As a general rule of thumb, the hummingbirds will leave by August-November.

Keep reading for a more accurate recommendation of when to expect hummingbird season in your state.

Climate

The change of season from summer to autumn will start to cause temperatures to fall. This is a good sign the hummingbirds will soon start to leave.

Hotter climates will see the hummingbirds stick around a bit longer than cooler climates.

If you live in a cooler state expect to see the hummingbirds migrate at the start of August.

Food availability

The change of season and temperature dips will impact how much food is available for hummingbirds in your area.

Insects are their main food source are these will begin to die off in the fall seasons. The same happens to the flowers, which are their natural source of nectar.

The hummingbirds move further and further south as these food sources decline in the north.

Remember your feeders won’t stop the hummingbirds from migrating. It’s a natural behavior for them to move on even if your feeders are still out.

Migration patterns

A hummingbird’s migration pattern is affected by hormones and decreasing sunlight levels.

Not all hummingbirds will have the same migration patterns. Some will start soon than others.

Males also tend to leave earlier than females. Then there the younger hummingbird who are making their first trips. They are the ones who usually leave last.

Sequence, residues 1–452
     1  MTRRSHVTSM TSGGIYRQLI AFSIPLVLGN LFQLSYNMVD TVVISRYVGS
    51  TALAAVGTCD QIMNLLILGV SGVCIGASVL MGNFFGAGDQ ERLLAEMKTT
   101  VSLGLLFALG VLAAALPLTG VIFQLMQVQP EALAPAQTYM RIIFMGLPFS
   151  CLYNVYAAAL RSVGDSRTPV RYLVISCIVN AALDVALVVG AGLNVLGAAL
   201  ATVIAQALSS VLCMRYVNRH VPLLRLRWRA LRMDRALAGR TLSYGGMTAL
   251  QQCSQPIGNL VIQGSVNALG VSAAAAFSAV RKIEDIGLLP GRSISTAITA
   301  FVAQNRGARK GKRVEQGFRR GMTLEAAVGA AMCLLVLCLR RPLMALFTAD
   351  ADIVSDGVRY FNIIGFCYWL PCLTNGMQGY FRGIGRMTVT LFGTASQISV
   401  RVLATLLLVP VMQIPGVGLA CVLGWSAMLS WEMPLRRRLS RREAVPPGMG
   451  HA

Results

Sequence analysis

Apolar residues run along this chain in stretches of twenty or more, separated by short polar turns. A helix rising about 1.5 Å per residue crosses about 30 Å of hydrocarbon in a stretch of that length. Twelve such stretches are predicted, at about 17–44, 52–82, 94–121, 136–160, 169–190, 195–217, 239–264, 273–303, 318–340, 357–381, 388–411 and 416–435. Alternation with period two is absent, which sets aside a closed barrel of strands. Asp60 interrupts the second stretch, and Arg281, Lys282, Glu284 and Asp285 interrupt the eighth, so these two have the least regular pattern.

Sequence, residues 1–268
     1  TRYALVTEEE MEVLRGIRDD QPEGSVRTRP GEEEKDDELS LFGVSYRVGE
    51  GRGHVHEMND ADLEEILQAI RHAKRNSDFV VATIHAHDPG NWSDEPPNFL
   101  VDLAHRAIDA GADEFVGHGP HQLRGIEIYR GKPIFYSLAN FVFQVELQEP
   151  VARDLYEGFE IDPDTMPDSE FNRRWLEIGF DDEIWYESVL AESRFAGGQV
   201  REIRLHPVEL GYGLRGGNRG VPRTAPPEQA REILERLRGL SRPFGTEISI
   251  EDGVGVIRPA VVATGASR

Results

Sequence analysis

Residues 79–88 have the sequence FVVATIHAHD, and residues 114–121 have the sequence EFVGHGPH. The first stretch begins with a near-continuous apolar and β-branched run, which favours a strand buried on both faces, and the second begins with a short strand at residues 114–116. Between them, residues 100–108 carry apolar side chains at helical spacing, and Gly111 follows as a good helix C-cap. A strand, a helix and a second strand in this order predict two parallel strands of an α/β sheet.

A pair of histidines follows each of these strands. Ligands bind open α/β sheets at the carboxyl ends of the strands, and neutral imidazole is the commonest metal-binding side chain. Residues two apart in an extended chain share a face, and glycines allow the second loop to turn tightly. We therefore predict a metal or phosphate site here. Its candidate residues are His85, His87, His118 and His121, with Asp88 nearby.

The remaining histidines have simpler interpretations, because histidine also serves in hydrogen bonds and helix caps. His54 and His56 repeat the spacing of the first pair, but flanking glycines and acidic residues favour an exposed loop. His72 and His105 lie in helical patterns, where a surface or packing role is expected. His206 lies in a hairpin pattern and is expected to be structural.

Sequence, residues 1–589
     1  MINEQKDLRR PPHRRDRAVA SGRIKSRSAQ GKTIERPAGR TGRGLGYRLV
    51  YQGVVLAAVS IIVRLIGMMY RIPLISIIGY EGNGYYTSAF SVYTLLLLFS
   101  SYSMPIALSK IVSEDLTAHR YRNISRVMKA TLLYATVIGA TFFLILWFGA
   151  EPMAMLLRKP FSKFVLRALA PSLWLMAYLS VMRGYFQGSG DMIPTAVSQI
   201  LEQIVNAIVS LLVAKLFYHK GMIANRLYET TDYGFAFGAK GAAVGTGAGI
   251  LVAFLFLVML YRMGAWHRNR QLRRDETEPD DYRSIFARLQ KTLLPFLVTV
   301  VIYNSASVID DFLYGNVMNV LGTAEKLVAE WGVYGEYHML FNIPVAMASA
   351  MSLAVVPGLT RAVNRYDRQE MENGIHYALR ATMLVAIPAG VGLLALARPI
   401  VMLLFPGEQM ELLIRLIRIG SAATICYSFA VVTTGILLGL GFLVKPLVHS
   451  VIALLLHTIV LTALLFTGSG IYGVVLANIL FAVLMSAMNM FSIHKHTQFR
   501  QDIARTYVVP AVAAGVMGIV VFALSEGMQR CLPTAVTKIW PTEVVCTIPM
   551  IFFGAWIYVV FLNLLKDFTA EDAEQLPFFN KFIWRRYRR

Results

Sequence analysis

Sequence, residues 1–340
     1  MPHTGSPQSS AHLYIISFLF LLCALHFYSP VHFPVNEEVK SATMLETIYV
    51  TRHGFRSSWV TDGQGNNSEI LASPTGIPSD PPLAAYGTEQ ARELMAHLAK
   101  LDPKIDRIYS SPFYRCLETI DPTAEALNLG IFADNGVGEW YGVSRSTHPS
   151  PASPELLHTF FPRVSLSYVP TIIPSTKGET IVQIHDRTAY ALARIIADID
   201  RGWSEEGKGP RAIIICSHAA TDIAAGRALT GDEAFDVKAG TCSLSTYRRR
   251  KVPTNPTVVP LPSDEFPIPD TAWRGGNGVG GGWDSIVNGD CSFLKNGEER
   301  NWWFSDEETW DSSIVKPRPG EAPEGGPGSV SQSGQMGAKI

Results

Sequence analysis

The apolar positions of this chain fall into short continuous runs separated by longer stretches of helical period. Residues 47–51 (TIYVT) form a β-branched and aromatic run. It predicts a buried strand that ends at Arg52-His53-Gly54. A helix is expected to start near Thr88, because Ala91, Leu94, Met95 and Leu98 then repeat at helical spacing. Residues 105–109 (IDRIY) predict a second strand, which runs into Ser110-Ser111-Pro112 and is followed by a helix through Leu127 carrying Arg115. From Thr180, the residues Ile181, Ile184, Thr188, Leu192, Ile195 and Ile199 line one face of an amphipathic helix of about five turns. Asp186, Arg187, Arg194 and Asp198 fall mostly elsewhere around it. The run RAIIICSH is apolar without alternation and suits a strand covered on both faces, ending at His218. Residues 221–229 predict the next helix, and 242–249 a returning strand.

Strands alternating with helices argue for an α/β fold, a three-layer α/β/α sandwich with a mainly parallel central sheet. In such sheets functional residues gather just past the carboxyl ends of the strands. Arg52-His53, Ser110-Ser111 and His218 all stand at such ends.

Hummingbirds are fairly predictable birds. That means if you know when they arrived and left your yard the year before, it will likely follow the same pattern each year.

I highly recommend keeping a yearly hummingbird journal. That way you can record your yearly sightings. This will help you to decide the best tie to take down your hummingbird feeders.

Year-Round Hummingbirds

Some states are lucky enough to have hummingbirds all year round.

That means you can keep your feeders up all year and won’t have to worry about when to take your hummingbird feeders down.

The most common states for year-round hummingbirds are:

  • Pacific coast
  • Southern Texas
  • Central Florida
  • Southern Florida
  • South-eastern Arizona

Other Southern states such as Louisiana and Mississippi may also have some winter hummingbirds. Keep your feeders up all year to help these hummers survive the winter months.

5 Other Reasons to take down hummingbird feeders

There will be times you have to down your hummingbird feeders even if just temporarily. This will every backyard bird watcher that feeds hummingbirds, even if you see them year-round.

Let’s take a look at these.

1. Cleaning

You’ll need to take your feeders down to clean and refill them every 3-5 days.

You may need to refill sooner than this if your feeders are popular. In this case, should ensure a thorough clean at least every third day.

Feeders need to be cleaned and inspected to prevent disease, keep nectar fresh and look for signs of damage or leaks.